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Mitogenomes Reveal Two Major Influxes of Papuan Ancestry across Wallacea Following the Last Glacial Maximum and Austronesian Contact

Australian Centre for Ancient DNA, School of Biological Sciences, University of Adelaide, Adelaide 5005, Australia
Genome Diversity and Diseases Laboratory, Eijkman Institute of Molecular Biology, Jakarta 10430, Indonesia
ARC Centre of Excellence for Australian Biodiversity and Heritage, University of Adelaide, Adelaide 5005, Australia
Archaeology and Natural History, School of Culture, History and Language, College of Asia and the Pacific, Australian National University, Canberra 2601, Australia
ARC Centre of Excellence for Australian Biodiversity and Heritage, Australian National University, Canberra 2601, Australia
Evolution of Cultural Diversity Initiative, Australian National University, Canberra 2601, Australia
ARC Centre of Excellence for Mathematical and Statistical Frontiers, School of Mathematical Sciences, University of Adelaide, Adelaide 5005, Australia
Department of Archaeogenetics, Max Planck Institute for the Science of Human History, 07745 Jena, Germany
Blue Sky Genetics, P.O. Box 287, Adelaide 5137, Australia
South Australian Museum, Adelaide 5000, Australia
Environment Institute, University of Adelaide, Adelaide 5005, Australia
National Centre for Indigenous Genomics, Australian National University, Canberra 2601, Australia
Department of Medical Biology, Faculty of Medicine, University of Indonesia, Jakarta 10430, Indonesia
Sydney Medical School, University of Sydney, Sydney 2050, Australia
Authors to whom correspondence should be addressed.
Shared last authors.
Genes 2021, 12(7), 965;
Received: 10 May 2021 / Revised: 4 June 2021 / Accepted: 11 June 2021 / Published: 24 June 2021
(This article belongs to the Special Issue The Genomic Impact of Human Migrations)


The tropical archipelago of Wallacea contains thousands of individual islands interspersed between mainland Asia and Near Oceania, and marks the location of a series of ancient oceanic voyages leading to the peopling of Sahul—i.e., the former continent that joined Australia and New Guinea at a time of lowered sea level—by 50,000 years ago. Despite the apparent deep antiquity of human presence in Wallacea, prior population history research in this region has been hampered by patchy archaeological and genetic records and is largely concentrated upon more recent history that follows the arrival of Austronesian seafarers ~3000–4000 years ago (3–4 ka). To shed light on the deeper history of Wallacea and its connections with New Guinea and Australia, we performed phylogeographic analyses on 656 whole mitogenomes from these three regions, including 186 new samples from eight Wallacean islands and three West Papuan populations. Our results point to a surprisingly dynamic population history in Wallacea, marked by two periods of extensive demographic change concentrated around the Last Glacial Maximum ~15 ka and post-Austronesian contact ~3 ka. These changes appear to have greatly diminished genetic signals informative about the original peopling of Sahul, and have important implications for our current understanding of the population history of the region.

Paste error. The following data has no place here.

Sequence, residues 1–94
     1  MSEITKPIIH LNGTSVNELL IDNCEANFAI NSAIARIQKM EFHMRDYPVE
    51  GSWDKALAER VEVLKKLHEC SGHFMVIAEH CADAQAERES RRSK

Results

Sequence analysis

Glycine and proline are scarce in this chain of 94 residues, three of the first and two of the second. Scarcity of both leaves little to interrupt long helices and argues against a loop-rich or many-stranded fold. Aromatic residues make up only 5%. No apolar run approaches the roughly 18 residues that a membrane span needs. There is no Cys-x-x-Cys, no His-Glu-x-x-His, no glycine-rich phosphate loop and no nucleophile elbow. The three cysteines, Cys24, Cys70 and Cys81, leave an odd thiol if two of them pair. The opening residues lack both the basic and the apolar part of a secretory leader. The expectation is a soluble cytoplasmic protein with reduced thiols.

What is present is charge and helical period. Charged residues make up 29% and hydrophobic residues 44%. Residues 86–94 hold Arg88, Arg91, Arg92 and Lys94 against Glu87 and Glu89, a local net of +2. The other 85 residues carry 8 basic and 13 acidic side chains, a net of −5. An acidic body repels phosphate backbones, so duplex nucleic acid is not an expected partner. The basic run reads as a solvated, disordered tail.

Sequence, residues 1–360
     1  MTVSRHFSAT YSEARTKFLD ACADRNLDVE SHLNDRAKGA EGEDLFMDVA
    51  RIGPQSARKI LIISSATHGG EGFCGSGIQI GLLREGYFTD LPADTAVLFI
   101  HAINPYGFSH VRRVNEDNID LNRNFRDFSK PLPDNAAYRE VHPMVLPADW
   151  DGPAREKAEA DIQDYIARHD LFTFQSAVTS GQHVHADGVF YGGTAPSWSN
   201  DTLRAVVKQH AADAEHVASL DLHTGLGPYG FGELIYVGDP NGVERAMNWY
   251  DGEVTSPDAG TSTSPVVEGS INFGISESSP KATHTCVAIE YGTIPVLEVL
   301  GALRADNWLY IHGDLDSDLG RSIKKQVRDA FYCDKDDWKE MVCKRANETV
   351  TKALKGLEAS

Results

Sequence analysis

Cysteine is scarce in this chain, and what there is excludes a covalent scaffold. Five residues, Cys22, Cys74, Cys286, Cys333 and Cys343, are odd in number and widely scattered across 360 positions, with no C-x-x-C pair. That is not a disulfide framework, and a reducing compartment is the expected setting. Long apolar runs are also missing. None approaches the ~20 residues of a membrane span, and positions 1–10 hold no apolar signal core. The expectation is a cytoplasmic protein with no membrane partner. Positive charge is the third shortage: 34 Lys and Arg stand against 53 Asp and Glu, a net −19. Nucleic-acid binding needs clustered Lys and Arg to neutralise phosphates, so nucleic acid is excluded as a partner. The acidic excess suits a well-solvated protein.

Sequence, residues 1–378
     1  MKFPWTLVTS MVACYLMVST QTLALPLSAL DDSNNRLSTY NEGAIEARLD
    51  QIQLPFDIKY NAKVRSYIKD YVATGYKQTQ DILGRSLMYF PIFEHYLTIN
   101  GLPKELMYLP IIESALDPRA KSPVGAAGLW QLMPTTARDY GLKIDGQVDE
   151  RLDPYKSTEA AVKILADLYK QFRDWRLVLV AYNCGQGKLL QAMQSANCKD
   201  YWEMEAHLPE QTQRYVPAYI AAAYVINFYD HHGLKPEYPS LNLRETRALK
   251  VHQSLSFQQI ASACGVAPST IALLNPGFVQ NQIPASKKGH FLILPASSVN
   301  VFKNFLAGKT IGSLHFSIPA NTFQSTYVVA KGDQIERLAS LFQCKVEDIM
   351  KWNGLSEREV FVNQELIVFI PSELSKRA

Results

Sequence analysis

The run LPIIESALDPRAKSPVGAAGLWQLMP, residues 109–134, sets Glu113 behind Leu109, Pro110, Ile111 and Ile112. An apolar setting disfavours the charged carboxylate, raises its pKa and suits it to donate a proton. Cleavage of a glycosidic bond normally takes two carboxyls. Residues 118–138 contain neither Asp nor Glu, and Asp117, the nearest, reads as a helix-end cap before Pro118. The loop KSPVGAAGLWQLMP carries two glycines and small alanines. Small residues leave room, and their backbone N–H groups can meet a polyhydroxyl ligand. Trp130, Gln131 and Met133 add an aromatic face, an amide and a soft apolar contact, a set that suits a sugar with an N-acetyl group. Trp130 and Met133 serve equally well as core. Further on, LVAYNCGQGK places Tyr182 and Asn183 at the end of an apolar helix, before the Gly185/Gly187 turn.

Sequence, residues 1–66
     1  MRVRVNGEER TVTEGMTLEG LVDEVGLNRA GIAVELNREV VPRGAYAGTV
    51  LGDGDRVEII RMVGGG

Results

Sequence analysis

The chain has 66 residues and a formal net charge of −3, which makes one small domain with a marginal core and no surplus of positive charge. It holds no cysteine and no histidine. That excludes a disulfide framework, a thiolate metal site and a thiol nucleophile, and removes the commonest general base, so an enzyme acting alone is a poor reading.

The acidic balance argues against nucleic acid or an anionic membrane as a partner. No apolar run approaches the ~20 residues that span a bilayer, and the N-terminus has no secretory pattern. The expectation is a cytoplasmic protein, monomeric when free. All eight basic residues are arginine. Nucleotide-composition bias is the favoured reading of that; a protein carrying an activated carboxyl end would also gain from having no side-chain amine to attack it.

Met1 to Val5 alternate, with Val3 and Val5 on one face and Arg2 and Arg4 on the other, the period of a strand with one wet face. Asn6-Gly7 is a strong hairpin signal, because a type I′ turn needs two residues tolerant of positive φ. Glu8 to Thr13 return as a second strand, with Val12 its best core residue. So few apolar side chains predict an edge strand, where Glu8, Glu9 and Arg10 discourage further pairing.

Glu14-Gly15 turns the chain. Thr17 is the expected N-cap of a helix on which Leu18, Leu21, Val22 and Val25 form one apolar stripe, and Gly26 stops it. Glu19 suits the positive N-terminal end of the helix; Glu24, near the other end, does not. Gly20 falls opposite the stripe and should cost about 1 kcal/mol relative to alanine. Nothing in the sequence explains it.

1. Introduction

The rapid growth of human population genetic research over the past two decades has greatly improved our understanding of genetic structure and diversity of contemporary human populations and provided novel insights into how and when our ancestors colonised the planet. Cumulative evidence from modern and ancient anatomically modern human (AMH) genomes strongly suggests that all contemporary non-African human populations descend from a group of AMH migrants that left Africa around 50–60 thousand years ago (ka) before separating into multiple subpopulations that went on to populate all terrestrial regions of the planet, other than Antarctica [1]. These historical migrations have largely shaped the continental-level genetic structuring now apparent in present-day human genomes [2,3].
Genetic evidence also implies that one branch of these ancient migrations brought AMHs to Sahul by ~50 ka ago [4,5,6,7]. The Indigenous peoples of Australia and New Guinea share a deep genetic ancestry that stretches back to the initial peopling of Sahul [5,6,7], and they have since diversified into two genetically distinct groups suggestive of a separation that minimally dates back tens of thousands of years [4,5,6]. Intriguingly, while the majority of deep archaeological dates in Sahul align with the initial AMH occupation at around 50 ka ago [8], the Madjedbebe site in northern Australia points to AMH arriving in Sahul perhaps as early as 65 ka ago [9,10].